Kik, a popular messaging app for young smartphone users, is shutting down as the company focuses on a legal battle over its cryptocurrency funding round.
The announcement was made late Monday by Kik founder and chief executive Ted Livingston, who said the company would challenge US authorities on how its cryptocurrency, Kin, is defined and regulated.
The decision means a shutdown for Canadian-based app Kik, which claimed to have some 300 million users at its peak and to have been used by as many as 40 percent of US teens.
The company will reduce its staff to 19 and focus on Kin, which Livingston called "the most used cryptocurrency in the world" by consumers.
"These are hard decisions. Kik is one of the largest apps in the US. It has industry-leading engagement and is growing again," Livingston wrote on Medium.
"Over 100 employees and their families will be impacted. People who have poured their hearts and souls into Kik and Kin for over a decade."
The company is embroiled in a legal battle with the US Securities and Exchange Commission over its 2017 "coin offering" which raised some $100 million (roughly Rs. 700 crores).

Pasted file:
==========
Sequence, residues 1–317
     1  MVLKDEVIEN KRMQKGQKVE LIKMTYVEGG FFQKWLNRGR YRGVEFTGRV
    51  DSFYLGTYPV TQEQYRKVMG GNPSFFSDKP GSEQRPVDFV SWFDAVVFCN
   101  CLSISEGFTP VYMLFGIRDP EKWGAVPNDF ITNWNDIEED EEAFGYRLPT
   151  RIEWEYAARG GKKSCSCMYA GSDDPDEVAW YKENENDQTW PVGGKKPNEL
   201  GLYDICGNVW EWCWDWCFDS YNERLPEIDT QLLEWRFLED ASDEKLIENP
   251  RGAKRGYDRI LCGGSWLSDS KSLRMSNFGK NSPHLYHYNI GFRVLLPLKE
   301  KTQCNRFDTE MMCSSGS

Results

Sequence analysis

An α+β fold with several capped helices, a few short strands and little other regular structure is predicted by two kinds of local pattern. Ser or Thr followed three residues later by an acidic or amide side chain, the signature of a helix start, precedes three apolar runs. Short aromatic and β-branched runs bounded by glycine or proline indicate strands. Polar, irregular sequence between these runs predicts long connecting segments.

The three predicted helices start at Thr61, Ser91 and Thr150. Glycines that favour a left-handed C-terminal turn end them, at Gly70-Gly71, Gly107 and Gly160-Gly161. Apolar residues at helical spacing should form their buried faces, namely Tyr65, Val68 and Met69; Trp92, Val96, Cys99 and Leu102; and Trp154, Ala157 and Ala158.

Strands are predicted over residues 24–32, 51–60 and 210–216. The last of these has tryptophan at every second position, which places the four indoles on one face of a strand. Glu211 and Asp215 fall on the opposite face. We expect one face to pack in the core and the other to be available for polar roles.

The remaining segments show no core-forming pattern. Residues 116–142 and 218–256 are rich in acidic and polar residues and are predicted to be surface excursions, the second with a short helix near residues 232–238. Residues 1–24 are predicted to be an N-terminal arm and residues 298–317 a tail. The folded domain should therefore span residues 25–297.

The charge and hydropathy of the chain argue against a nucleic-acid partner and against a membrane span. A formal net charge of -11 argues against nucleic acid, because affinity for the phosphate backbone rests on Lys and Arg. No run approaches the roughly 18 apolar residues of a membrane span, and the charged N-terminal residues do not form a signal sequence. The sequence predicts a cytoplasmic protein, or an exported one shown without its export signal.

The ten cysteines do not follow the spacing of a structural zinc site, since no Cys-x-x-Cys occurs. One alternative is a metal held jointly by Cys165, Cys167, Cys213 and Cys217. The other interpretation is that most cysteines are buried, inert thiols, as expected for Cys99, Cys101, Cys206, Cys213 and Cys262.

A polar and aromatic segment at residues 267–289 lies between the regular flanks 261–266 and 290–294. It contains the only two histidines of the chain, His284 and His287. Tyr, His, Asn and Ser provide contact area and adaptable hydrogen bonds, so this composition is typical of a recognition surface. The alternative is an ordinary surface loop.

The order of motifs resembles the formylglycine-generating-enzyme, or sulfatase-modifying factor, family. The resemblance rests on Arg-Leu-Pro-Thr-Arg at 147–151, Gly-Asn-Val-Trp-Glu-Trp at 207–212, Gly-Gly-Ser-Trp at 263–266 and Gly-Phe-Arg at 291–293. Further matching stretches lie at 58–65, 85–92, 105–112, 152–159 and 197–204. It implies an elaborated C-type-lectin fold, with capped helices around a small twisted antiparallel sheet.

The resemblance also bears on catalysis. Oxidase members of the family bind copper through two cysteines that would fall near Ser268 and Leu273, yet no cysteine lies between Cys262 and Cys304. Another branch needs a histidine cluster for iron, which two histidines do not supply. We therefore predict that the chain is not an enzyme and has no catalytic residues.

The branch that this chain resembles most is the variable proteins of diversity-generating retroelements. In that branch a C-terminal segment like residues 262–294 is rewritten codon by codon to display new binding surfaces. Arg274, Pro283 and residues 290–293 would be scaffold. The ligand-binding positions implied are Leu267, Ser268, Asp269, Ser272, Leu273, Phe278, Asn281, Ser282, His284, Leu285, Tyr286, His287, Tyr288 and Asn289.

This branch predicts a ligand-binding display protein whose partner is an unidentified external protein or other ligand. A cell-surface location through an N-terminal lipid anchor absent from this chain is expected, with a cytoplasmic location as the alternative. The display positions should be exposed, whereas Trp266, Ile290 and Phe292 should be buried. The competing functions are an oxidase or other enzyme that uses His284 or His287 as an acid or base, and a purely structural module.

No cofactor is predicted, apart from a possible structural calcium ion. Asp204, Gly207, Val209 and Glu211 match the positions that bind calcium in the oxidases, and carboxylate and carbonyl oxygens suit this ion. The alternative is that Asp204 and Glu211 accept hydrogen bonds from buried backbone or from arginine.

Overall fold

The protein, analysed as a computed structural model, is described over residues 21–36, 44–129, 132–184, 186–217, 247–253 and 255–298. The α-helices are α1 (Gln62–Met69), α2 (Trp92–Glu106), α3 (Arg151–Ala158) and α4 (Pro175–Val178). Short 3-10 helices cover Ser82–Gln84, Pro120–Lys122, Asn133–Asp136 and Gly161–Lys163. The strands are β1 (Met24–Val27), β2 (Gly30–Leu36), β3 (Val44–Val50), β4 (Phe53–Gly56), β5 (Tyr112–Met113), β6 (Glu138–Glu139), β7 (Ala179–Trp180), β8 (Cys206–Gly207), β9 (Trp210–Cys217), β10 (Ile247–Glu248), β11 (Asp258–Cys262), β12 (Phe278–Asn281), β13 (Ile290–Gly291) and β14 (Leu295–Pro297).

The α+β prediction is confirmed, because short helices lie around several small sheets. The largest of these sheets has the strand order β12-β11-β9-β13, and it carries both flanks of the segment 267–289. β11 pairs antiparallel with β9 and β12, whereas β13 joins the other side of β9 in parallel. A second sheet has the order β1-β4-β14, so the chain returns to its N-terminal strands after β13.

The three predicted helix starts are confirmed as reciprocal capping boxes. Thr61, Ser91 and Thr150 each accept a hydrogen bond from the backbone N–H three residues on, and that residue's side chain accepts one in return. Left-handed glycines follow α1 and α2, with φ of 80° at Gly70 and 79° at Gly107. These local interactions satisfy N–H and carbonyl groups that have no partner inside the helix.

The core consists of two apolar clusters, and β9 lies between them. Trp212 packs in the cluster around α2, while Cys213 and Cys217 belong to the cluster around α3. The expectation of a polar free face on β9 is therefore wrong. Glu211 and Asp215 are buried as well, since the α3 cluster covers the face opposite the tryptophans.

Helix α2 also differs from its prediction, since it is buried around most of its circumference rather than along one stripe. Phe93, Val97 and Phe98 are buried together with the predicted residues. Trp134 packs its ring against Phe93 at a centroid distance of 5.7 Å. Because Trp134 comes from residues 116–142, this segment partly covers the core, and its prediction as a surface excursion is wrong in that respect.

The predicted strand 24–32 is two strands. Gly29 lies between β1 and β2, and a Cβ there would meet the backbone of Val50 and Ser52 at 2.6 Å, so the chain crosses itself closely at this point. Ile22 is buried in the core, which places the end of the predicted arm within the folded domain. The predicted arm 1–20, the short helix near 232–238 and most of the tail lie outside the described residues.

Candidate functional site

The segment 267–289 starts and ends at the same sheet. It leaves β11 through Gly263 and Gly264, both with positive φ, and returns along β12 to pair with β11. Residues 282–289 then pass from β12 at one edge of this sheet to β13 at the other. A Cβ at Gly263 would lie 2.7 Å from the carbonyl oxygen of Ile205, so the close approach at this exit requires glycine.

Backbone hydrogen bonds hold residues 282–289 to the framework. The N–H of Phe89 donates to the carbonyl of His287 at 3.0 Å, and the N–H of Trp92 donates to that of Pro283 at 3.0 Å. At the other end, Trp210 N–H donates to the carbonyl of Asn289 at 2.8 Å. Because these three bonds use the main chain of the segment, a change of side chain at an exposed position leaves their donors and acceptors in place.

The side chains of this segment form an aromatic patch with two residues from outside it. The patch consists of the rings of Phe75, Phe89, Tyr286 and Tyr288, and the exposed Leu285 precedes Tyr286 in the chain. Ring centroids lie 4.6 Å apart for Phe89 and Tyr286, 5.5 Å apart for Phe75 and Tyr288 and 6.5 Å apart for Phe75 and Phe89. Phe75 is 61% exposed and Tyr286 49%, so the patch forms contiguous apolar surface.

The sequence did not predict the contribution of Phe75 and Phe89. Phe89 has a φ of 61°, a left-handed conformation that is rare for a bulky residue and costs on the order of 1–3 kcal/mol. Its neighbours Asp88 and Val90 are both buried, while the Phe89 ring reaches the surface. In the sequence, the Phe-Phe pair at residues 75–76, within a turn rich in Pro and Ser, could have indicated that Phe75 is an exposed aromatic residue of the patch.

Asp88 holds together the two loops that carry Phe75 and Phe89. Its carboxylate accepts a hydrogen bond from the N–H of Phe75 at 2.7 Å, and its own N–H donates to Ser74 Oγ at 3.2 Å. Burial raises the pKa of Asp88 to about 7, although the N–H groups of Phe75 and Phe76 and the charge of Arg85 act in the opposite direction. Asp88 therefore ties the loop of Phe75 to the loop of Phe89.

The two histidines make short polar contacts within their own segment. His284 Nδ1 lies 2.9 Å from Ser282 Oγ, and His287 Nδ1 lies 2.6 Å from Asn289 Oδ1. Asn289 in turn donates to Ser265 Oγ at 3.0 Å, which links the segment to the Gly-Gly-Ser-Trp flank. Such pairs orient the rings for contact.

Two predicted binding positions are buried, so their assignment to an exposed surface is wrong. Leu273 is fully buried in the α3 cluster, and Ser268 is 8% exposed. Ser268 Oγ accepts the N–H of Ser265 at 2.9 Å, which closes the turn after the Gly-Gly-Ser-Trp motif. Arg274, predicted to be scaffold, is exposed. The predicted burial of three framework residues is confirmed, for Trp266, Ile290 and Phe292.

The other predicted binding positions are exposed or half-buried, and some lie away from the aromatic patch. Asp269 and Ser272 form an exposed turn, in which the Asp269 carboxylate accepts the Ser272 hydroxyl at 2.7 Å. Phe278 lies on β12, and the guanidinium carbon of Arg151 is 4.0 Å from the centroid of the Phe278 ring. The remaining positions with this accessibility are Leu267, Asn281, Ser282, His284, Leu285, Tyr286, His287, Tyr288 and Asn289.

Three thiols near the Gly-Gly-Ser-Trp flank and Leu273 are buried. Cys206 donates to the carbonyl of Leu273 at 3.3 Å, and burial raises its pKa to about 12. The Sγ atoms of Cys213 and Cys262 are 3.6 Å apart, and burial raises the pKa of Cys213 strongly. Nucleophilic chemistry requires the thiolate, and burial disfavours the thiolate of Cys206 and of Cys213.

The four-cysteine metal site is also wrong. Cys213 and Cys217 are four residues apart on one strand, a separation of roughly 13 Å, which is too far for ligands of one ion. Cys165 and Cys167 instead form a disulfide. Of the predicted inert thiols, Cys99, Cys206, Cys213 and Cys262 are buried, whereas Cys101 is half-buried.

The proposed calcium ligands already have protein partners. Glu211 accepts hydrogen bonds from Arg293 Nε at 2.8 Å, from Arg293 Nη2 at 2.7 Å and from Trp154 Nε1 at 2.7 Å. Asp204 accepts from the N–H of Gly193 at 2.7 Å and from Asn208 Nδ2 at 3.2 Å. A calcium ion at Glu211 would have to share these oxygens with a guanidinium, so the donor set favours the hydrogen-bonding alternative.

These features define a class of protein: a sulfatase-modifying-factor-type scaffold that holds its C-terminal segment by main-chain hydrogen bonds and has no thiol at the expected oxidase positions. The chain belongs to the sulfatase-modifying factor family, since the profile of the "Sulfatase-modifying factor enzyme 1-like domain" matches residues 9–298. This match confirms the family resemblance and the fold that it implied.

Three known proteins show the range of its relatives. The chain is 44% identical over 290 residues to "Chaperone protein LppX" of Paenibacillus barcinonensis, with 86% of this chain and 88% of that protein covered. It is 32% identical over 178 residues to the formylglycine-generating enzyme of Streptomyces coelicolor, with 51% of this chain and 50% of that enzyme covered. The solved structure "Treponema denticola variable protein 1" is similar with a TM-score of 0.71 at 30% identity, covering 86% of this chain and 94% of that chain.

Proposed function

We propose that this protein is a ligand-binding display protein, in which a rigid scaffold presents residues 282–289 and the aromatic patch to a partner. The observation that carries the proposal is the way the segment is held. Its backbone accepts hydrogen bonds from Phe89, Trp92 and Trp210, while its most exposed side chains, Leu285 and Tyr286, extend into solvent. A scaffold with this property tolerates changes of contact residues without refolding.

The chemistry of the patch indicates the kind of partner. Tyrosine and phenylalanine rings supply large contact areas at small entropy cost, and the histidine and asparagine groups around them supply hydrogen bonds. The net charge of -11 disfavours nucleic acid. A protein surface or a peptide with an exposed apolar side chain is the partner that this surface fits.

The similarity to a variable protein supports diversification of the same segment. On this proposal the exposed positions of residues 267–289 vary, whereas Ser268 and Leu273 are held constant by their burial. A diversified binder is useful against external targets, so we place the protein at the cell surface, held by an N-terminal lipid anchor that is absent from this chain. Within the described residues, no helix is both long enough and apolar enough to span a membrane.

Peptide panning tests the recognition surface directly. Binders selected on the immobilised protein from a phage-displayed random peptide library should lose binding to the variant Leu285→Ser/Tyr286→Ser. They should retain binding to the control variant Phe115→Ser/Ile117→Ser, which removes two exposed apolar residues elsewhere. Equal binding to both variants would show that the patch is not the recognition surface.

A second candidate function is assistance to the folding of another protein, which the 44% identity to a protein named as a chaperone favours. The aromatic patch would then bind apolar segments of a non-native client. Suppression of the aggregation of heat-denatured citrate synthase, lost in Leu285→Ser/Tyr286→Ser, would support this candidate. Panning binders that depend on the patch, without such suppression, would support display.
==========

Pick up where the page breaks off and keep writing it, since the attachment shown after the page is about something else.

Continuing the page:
Livingston said the SEC's position of labeling Kin as a security would make it less usable as an online payment system.
"After 18 months of working with the SEC the only choice they gave us was to either label Kin a security or fight them in court," he said.
"Becoming a security would kill the usability of any cryptocurrency and set a dangerous precedent for the industry. So with the SEC working to characterize almost all cryptocurrencies as securities we made the decision to step forward and fight."
He said his goal is to create a Kin "ecosystem" that could make it more widely used.
"But no matter what happens to Kik, Kin is here to stay," Livingston said. "Kin operates on an open, decentralized infrastructure run by a dozen independent companies. Kin is a currency used by millions of people in dozens of independent apps."